"When all is said and done there are just four institutions through which human beings imbue their lives with meaning:  vocation, family, community and faith."

- Charles Murray, American Enterprise Institute

Latest Column - Posted on 2017-05-23

Barbara Kay: A lone academic dares to challenge accepted narratives about Canada’s residential school system

As the token conservative on otherwise liberal panels, I have been a regular contributor to CBC radio’s comedy news trivia program, Because News, since September 2016. I was let go from this panel last week for my politically incorrect views on indigenous cultural appropriation (that I did not even express on CBC). I can now empathize (as opposed to merely sympathize) with the individuals who have paid a far greater price for the same........

Read Full Article

LATEST ARTICLES

  • As the token conservative on otherwise liberal panels, I have been a regular contributor to CBC radio’s comedy news trivia program, Because News, since September 2016. I was let go from this panel last week for... (Read)
  • In a column last March, I described the radical progressive mind’s inability to see iniquities on the left and its fixation with right-wing evil as the ideological equivalent of a neurological syndrome called... (Read)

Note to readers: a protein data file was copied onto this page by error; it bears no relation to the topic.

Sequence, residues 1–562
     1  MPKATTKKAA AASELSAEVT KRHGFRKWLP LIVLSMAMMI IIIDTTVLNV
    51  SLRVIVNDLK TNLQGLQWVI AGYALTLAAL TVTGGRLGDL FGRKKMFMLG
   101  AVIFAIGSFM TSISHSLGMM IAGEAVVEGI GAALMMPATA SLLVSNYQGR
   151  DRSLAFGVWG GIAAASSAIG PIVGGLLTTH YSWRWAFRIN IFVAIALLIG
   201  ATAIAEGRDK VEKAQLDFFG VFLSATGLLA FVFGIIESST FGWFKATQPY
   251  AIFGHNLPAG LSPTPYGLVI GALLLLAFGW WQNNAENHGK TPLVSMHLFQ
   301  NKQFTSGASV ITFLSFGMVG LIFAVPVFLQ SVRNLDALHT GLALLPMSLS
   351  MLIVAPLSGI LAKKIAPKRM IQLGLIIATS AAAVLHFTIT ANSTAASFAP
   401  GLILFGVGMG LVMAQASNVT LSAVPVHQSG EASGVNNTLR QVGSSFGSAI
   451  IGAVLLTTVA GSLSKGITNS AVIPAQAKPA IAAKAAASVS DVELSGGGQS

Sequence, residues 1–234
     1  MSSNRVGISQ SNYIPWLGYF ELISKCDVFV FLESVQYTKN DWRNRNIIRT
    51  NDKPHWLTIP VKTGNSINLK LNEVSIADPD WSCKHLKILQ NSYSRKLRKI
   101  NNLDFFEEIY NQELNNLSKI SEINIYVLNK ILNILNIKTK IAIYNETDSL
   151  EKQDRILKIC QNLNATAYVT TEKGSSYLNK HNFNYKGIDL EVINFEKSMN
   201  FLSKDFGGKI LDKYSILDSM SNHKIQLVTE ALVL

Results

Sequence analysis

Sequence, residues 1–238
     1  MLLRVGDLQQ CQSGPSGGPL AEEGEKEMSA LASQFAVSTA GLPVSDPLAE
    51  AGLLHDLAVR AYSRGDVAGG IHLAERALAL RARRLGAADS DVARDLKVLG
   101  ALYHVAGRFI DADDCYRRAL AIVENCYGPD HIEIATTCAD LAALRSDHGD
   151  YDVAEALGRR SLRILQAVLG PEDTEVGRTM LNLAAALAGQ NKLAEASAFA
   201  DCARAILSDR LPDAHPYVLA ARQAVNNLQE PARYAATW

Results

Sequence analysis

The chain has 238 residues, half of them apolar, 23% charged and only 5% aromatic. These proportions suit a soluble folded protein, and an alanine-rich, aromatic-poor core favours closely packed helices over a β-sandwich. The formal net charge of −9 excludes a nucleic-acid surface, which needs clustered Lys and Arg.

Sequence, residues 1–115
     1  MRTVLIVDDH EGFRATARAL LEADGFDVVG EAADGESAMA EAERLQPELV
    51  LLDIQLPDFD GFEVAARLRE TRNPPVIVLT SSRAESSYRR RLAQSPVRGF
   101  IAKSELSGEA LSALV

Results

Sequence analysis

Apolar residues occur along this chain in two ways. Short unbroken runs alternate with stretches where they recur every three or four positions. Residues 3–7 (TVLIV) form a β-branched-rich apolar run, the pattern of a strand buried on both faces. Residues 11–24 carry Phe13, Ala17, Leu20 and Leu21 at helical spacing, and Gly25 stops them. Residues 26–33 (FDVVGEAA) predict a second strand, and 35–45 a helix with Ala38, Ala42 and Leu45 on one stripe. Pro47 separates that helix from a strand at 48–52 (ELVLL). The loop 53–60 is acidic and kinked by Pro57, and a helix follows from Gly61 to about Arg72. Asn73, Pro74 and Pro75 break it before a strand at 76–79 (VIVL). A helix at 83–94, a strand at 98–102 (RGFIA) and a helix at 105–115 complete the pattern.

• In a column last March, I described the radical progressive mind’s inability to see iniquities on the left and its fixation with right-wing evil as the ideological equivalent of a neurological syndrome called... (Read)
  • Years ago, my then-lawyer son was seeking affordable lodging in Manhattan. He discovered many landlords wouldn’t rent to lawyers: too quick to litigate small grievances. This was a permitted form of rental... (Read)
  • The current Hulu remake of Margaret Atwood’s 1985 novel, The Handmaid’s Tale, is getting rave reviews. But I passed on it. Handmaids projects a Christian theocracy — the Republic of Gilead — that has replaced... (Read)
More Articles...

BARBARA KAY RELEASES FIRST NOVEL, A QUEBEC-BASED MURDER MYSTERY